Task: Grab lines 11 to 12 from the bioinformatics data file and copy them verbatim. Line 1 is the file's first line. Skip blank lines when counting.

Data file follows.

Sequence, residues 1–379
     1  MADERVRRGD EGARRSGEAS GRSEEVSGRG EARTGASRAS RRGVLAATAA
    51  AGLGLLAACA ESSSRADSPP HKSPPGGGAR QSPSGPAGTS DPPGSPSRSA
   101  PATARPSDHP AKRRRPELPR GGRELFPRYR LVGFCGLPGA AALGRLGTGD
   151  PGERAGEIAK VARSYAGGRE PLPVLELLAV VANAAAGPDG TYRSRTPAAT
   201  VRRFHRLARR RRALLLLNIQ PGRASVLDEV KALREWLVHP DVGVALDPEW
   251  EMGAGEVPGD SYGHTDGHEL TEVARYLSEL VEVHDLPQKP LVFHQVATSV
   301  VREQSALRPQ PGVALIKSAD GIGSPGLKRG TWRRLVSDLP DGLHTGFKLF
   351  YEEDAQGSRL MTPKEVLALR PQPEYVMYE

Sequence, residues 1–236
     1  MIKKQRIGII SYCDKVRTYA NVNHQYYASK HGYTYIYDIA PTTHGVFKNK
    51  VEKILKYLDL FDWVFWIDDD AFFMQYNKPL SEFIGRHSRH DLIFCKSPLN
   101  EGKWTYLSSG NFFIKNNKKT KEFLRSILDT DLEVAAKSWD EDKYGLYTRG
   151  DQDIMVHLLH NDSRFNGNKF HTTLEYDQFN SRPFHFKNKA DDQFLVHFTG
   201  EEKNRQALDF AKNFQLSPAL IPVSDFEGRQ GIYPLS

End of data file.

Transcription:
     1  MIKKQRIGII SYCDKVRTYA NVNHQYYASK HGYTYIYDIA PTTHGVFKNK
    51  VEKILKYLDL FDWVFWIDDD AFFMQYNKPL SEFIGRHSRH DLIFCKSPLN